Women are great team players and collaborators, 'but they don't put themselves forward,' Dr Gagandeep Kang, the first Indian woman scientist to be elected as a Fellow of the Royal Society, tells Veenu Sandhu.
When Benjamin Franklin used a kite and a key to demonstrate the electrical nature of lightning in 1752, the Royal Society -- the oldest independent scientific academy in continuous existence since 1660 -- published the account of the famous experiment.
Before him, it had published Isaac Newton's Principia Mathematica describing the action of gravity, and later the works of Charles Babbage ('the father of computing'), Charles Darwin ('the father of evolution') and Albert Einstein.
Till 1945, the Royal Society had only men as fellows. And until this year, not one of its few women fellows was from India. Gagandeep Kang has changed that.
I meet Dr Kang, 56, at the Imperial Hotel in Delhi where she is attending a three-day conference of the World Health Organisation. She heads WHO South East Asia Region's Immunisation Technical Advisory Group. It's a busy day for her, but she steps out to keep this appointment.
A professor in the gastrointestinal sciences department at Christian Medical College, Vellore, Dr Kang is currently also executive director of the Translational Health Science and Technology Institute in Faridabad, some 30 km from Delhi.
This autonomous institute of the biotechnology department under the science and technology ministry is working to enable faster transition of laboratory research to the market in areas such as vaccines for outbreaks and infectious diseases like tuberculosis and dengue; non-communicable diseases like diabetes; diagnostics; maternal and child health to figure out why India has such a large number of pre-term births, and so on.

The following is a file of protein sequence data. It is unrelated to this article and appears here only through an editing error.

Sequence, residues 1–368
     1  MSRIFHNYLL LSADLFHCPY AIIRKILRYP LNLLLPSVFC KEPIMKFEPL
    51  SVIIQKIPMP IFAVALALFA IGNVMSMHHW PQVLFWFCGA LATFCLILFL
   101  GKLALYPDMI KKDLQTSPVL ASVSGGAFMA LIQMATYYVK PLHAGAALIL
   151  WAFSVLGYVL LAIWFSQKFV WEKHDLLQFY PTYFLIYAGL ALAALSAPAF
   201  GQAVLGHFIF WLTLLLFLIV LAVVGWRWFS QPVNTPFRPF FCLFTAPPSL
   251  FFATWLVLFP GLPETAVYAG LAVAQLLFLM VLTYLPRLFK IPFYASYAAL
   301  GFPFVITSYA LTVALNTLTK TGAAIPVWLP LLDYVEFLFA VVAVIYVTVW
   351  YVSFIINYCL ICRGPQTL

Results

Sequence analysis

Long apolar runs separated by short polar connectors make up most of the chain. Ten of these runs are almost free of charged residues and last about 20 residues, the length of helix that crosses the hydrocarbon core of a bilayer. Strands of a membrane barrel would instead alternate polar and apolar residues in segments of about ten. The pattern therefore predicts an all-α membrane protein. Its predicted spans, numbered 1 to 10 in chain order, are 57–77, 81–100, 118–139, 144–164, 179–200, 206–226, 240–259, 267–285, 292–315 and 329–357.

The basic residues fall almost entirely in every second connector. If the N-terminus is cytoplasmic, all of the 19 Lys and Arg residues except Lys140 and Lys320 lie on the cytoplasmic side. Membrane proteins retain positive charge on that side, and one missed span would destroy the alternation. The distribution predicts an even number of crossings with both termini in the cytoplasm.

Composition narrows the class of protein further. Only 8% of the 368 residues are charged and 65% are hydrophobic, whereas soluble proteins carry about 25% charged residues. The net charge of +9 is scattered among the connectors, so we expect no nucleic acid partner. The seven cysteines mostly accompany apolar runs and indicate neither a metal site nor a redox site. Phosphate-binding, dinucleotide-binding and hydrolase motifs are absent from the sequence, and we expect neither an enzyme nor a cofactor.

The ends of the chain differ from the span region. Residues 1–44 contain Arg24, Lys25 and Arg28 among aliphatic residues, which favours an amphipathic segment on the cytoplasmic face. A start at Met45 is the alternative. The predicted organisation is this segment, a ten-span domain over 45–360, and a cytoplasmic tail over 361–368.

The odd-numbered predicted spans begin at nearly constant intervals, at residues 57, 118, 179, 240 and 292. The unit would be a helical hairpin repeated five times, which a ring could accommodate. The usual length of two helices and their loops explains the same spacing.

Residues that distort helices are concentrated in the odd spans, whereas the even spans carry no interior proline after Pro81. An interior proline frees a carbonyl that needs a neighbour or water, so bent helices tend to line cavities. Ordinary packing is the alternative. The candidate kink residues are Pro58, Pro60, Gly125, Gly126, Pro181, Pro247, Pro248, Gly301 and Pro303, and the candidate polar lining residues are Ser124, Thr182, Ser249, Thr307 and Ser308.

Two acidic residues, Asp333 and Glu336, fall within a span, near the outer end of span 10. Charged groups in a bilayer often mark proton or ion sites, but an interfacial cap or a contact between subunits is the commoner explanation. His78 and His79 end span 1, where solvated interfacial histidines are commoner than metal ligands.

A clinician scientist, Dr Kang is a dogged researcher whose major focus has been on viral infections of the gut in children.
Her longest research -- through children who were recruited when they were still in their mothers's womb -- has been ongoing for some 17 years in Vellore.
She has followed these children through infancy and childhood to study how gut infections have affected their physical and mental health, IQ levels and school performance, and whether later interventions can reduce their stunting -- a condition that is thought to be irreversible.
Dr Kang has also been a leading researcher for the testing of an India-specific oral rotavirus vaccine.
The rotavirus affects kids under two, is known to cause severe diarrhoea and kills some 100,000 children in India each year.
The vaccine, Rotavac, which was rolled out as part of the national immunisation programme in 2016, now covers about 50 per cent of the Indian birth cohort (children born during a given calendar time period within a specified geographical region).
"And now, for the first time, its impact assessment is on," says Dr Kang. "We should have the results in about a year for both its efficiency and safety."
Dr Kang's father was an engineer with the Indian Railways and her mother a teacher.
Her childhood was spent moving from one place to the other -- Punjab, Delhi, Uttar Pradesh, Bihar, West Bengal.
Necessity taught her and her sister to adapt quickly and equipped them to catch up with studies every time they changed school mid-session. Dr Kang says she has attended some 10 schools.
Later, when she cleared her medical entrance exam, she chose to go to CMC Vellore -- "an uncle had told me what a fun place it was," she smiles. "He was right. I made great friends and we had a great time."
When news of her getting elected as a fellow of the Royal Society broke, she got an e-mail from one of her teachers at CMC. "He said, 'This is the same girl I wrote a note for saying: Don't you think you should be coming for class?'," she laughs.
After her MBBS, she came to Delhi thinking she would get into ophthalmology.